Image Credit: Krisztian Bocsi/Bloomberg
“In 2017, the eurozone crisis could enter a new, more dangerous stage.”
For Europe, political and economic risk is nothing new. For years, nationalism, populism, conflicting strategic interests, low economic growth and high unemployment have driven EU members apart. The eurozone has seen a variety of threats to its existence over the past decade, connected to issues such as high levels of debt, fragile banking sectors and growing Euroskepticism. But so far it has managed to survive them. In 2017, however, the eurozone crisis could enter a new, more dangerous stage as risk reaches its largest political and economic players. As it does, it will threaten the future of the institutions that govern the Continent in more profound ways than before.
The coming risk will be most pronounced in Italy, France and Germany. Nationalist forces have been building steam for years and will show their strength in general elections in Germany and France – and potentially Italy, if its government resigns before the end of the legislative session in mid-2018. And even if they fail to win some or all of these elections, the nationalists’ popularity will nonetheless influence the decisions of their countries’ leaders, furthering the political fragmentation of the European Union, increasing the demands for a return of sovereignty to national governments, and leading to more unilateral actions by member states. Uncertainty about political events in these core countries will also increase financial risk, especially in the banking sector.
And as it deals with these issues from within, the European Union will also have to deal with new issues from without – namely, the new global order that began the minute Donald Trump was elected. Questions over the reliability of NATO’s security umbrella, not to mention recent terrorist attacks, will create opportunities for EU members to work together on security and defense. But growing Euroskepticism and domestic political considerations will prevent them from implementing economic and financial reform. Countries in Eastern Europe, meanwhile, will focus on regional and bilateral cooperation to try to show a united front against Russia.
Questions About the Future
What happens in France, Germany and Italy – the eurozone’s three biggest economies – in 2017 will influence one another and indeed the entire currency union. The elections in France and Germany will test the Franco-German alliance, upon which the European Union was founded, and the economic duress in Italy will test the stability of the eurozone. Political tension will again develop between Northern and Southern Europe, which hold different views on the future of the eurozone.
France will be preoccupied with its elections for the first few months of 2017. During this time, the outgoing government will not introduce any significant reforms. The same cannot be said for the new government, regardless of who wins. Though most of the presidential candidates have similar stances on security issues – most, for example, support tough measures to fight terrorism and limit immigration – they differ markedly on economic issues. Voters will have to decide whether they want programs that will deregulate and liberalize the French economy or if they want added protectionism.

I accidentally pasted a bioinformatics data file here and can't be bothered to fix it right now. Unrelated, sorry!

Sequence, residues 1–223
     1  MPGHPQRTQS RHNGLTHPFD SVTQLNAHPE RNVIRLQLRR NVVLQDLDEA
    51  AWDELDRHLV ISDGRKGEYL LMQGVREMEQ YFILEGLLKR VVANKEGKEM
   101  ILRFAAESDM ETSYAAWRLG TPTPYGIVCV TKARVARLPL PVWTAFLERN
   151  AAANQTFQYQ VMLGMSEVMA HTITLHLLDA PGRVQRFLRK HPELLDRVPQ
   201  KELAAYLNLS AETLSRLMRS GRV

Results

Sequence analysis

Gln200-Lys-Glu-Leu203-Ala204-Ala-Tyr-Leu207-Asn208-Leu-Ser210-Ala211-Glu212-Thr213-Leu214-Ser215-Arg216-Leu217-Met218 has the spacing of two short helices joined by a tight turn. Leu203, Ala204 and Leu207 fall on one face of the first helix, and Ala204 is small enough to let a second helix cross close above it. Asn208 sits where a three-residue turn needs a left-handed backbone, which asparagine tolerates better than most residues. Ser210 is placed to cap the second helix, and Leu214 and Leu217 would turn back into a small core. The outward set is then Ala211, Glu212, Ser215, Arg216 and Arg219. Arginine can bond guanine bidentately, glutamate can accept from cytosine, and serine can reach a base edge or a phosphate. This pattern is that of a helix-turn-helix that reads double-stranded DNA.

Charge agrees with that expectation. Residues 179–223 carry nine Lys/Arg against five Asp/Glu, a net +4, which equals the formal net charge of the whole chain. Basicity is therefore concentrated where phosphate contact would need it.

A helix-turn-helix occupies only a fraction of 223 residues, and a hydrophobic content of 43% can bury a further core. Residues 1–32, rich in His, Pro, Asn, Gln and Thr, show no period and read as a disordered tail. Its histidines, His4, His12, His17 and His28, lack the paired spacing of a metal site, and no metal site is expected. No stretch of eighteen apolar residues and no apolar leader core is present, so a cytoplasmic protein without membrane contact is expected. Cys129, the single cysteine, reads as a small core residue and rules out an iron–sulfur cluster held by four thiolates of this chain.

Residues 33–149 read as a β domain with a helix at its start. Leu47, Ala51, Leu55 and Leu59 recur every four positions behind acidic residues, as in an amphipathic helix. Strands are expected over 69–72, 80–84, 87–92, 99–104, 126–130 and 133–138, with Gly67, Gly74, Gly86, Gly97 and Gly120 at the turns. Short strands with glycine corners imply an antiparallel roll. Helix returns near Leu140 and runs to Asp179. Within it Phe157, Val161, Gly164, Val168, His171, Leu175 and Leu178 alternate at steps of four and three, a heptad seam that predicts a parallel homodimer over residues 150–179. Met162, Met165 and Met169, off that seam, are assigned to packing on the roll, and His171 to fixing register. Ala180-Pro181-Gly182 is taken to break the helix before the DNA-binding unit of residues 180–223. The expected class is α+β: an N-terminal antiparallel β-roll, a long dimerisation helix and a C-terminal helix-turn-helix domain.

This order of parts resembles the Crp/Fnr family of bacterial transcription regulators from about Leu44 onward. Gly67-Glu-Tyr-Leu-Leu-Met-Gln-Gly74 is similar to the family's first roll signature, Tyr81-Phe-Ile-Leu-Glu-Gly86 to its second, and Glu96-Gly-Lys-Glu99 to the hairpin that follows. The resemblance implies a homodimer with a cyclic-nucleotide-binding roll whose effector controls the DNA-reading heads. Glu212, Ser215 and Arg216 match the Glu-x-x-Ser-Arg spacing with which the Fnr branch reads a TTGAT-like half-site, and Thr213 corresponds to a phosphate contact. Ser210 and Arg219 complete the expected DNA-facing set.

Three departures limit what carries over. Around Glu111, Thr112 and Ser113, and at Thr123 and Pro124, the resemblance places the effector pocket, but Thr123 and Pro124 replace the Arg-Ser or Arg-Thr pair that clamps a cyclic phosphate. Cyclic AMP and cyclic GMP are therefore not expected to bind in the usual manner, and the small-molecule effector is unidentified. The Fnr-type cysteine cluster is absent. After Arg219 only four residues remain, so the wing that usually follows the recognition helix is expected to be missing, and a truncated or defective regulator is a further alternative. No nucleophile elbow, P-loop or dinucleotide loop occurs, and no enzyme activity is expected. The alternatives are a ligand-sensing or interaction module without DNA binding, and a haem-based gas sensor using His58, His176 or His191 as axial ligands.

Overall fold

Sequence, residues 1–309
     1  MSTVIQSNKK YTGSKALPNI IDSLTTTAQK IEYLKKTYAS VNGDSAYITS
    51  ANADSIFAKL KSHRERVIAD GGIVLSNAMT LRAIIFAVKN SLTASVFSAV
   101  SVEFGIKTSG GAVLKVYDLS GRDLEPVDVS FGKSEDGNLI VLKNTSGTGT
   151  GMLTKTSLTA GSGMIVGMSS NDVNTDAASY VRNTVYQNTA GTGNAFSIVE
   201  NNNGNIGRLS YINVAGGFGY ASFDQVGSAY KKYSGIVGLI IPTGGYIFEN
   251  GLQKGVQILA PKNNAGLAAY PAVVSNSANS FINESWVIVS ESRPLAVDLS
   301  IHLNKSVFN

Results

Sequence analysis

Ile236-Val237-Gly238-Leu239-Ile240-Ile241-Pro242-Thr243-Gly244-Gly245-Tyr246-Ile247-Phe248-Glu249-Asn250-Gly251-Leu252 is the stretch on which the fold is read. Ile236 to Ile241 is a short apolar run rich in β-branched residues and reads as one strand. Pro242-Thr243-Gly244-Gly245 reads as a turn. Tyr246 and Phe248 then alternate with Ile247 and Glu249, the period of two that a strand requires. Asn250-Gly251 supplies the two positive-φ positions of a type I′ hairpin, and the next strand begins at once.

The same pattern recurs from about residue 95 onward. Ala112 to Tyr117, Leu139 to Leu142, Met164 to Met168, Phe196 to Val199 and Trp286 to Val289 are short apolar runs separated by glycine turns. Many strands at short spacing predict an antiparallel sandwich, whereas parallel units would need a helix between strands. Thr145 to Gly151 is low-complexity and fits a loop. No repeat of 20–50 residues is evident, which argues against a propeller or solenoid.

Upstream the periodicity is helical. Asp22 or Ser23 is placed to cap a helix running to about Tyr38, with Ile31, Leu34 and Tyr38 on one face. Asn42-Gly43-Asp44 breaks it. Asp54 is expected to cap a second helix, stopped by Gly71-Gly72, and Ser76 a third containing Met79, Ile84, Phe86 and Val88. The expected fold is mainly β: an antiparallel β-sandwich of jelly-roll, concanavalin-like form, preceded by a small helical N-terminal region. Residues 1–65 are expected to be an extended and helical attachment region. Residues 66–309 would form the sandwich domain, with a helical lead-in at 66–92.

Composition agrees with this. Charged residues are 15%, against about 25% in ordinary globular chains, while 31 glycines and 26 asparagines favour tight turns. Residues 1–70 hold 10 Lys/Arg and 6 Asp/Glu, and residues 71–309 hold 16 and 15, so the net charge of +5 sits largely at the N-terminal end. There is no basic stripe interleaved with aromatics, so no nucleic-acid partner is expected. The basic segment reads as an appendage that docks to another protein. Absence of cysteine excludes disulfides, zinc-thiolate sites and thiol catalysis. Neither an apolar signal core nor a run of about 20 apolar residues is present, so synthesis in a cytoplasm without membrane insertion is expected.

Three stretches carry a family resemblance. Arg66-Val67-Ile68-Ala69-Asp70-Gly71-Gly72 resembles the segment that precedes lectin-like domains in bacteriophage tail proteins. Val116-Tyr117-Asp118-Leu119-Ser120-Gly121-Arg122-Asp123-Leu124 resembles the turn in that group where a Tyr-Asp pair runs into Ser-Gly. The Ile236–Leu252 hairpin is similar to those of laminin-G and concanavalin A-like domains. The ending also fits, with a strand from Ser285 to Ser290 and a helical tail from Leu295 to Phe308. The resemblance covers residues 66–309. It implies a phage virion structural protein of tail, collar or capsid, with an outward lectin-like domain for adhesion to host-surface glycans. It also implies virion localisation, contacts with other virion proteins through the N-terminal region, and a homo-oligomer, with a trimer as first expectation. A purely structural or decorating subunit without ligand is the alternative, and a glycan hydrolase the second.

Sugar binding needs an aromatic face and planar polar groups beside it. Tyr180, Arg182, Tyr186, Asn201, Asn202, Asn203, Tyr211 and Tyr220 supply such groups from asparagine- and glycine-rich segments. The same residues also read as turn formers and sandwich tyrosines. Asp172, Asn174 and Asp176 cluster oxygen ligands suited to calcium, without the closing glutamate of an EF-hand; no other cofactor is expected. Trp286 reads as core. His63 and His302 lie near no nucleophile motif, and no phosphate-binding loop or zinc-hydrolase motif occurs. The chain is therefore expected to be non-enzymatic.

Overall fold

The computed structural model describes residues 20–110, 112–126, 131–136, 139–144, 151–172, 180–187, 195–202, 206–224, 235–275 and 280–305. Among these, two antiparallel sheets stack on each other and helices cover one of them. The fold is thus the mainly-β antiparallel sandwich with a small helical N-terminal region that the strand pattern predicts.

The presidential election, held in two rounds and scheduled for April and May, will show that a significant number of voters support anti-globalization and nationalist positions. This will affect France’s moves even if the moderates win. The next government is likely, therefore, to be skeptical about free trade and focus on security and defense – and support plans to enhance both at the EU level. The president can be expected to introduce measures to limit immigration, to push Brussels to redesign the Schengen agreement and to improve the European Union’s border controls. It will criticize the European Commission, even going so far as to demand that it scale back its responsibilities.
If moderates win, they will petition the eurozone to repatriate some powers to its constituent members (something that will clash with Germany’s demands for a more apolitical administration of the common currency). The new government will probably also push for better relations with Russia. If the far-right National Front wins, the French government will probably introduce measures to limit the free movement of goods, people, services and capital throughout the European Union. It can also be expected to announce plans for a referendum on France’s EU membership.
And therein lies the problem for the European Union: The bloc has been breaking apart for several years, but without France – a founding member whose alliance with Germany was the basis for its very formation – its dissolution is likely irreversible. In the ensuing crisis, the union would fragment into smaller regional groups. Questions about the future of the eurozone would trigger a run on Southern Europe’s banks and precipitate the collapse of the currency area.
Ahead of its own general election in September or October, Germany will try to keep the European Union united. But it will be difficult for Berlin to do so. The members of the ruling coalition, composed of center-right and center-left legislators, will try to distinguish themselves from one another before the vote, during which the government in Berlin will avoid making any significant decisions on EU issues. Conflicting national interests among EU members will also make consensus on EU reform difficult to find. (One of the few areas where Germany and its EU peers can find some degree of understanding, however, is defense and security.)